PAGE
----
SCOTTISH fisheries protection vessels are being sent into the Atlantic Ocean to make sure Faroese fishermen do not try to catch mackerel in UK waters.
As the battle over the mackerel stock intensifies, Scottish fisheries minister Richard Lochhead told fishermen that monitoring the line between Faroese and Scottish waters was a top priority.
Faroe has courted international trade sanctions by massively increasing its quota for mackerel over the past two years from around 30,000 tonnes to 150,000 tonnes without agreement from the European Union or Norway.
Speaking during a meeting with the Scottish Pelagic Fishermen’s Association, Mr Lochhead said there was an urgent need for the EU to apply trade sanctions “without delay” now that the mackerel fishing season was commencing.
“I urge the Commission to act swiftly on this. This needs to happen alongside continuation of talks to put in place a new international agreement for the mackerel stock,” the minister said.
“In the meantime, monitoring the line between Scottish and Faroese waters is vital to safeguard our mackerel stocks, and this has been a key focus of my talks today with the Scottish Pelagic Fishermen’s Association.
“In the absence of an access agreement, the Faroese pelagic fleet cannot fish in EU waters and it is important that we do not allow them to plunder our waters as part of their outrageous mackerel grab.”
Mackerel is the most valuable species for the Scottish fishing fleet, which catches about 140,000 tonnes that is worth around £135 million. The Shetland pelagic fleet has a quota to catch around 40,000 tonnes this year.
Become a supporter of Shetland News
Shetland News is asking its many readers to consider start paying for their dose of the latest local news delivered straight to their PC, tablet or mobile phone.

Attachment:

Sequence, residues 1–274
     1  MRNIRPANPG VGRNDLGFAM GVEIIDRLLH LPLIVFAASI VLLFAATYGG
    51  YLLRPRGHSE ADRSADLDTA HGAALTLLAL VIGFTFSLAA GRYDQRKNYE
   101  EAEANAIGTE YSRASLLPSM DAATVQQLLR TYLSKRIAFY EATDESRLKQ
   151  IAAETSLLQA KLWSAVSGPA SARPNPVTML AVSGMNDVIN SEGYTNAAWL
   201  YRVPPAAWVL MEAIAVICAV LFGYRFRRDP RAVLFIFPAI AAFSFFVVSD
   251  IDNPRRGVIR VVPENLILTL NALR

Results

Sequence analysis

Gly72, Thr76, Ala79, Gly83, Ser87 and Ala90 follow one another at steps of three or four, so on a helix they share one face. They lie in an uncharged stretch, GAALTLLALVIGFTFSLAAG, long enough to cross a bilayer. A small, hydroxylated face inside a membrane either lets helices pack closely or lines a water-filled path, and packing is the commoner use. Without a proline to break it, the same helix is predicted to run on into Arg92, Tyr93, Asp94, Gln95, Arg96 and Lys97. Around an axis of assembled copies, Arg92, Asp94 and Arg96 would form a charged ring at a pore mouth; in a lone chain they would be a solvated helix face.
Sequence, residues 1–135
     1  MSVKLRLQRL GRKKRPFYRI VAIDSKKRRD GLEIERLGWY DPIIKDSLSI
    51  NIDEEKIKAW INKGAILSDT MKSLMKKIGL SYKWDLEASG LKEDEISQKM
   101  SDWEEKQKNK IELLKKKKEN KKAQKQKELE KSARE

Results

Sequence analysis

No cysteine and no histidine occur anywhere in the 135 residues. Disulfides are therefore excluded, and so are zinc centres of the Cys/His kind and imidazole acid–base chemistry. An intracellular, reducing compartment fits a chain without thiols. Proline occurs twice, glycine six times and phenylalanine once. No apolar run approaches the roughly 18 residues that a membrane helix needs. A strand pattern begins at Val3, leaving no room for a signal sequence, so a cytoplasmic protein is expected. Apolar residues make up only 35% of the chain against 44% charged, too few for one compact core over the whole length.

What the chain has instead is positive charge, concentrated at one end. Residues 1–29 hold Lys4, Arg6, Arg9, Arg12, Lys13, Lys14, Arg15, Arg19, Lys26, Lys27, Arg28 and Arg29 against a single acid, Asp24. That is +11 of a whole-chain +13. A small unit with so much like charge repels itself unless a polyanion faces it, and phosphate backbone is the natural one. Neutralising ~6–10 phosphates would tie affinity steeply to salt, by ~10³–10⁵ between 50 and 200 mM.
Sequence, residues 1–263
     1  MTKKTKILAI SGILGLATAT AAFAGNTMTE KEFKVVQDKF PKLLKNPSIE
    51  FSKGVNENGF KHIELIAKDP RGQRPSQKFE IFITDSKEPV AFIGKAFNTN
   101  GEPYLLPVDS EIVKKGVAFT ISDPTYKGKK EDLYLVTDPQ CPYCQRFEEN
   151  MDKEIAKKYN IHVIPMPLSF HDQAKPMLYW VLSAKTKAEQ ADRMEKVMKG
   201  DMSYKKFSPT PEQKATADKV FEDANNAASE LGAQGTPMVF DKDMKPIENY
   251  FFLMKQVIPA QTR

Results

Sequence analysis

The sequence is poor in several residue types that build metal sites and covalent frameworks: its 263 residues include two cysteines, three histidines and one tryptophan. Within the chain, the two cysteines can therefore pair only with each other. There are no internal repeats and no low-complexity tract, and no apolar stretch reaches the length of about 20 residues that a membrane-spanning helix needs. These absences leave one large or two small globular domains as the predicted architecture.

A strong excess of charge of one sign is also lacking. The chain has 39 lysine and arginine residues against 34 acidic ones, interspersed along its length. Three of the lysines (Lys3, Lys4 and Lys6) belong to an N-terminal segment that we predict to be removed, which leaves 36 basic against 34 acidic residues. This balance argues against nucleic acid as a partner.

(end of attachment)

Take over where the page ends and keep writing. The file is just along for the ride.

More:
Journalism comes at a price and because that price is not being paid in today’s rapidly changing media world, most publishers - national and local - struggle financially despite very healthy audience figures.
Most online publishers have started charging for access to their websites, others have chosen a different route. Shetland News currently has over 380 supporters who are all making small voluntary financial contributions. All funds go towards covering our cost and improving the service further.
Your contribution will ensure Shetland News can: -
- Bring you the headlines as they happen;
- Stay editorially independent;
- Give a voice to the community;
- Grow site traffic further;
- Research and publish more in-depth news, including more Shetland Lives features.
If you appreciate what we do and feel strongly about impartial local journalism, then please become a supporter of Shetland News by either making a single payment or monthly subscription.
Support us from as little as £3 per month – it only takes a minute to sign up. Thank you.Support Shetland News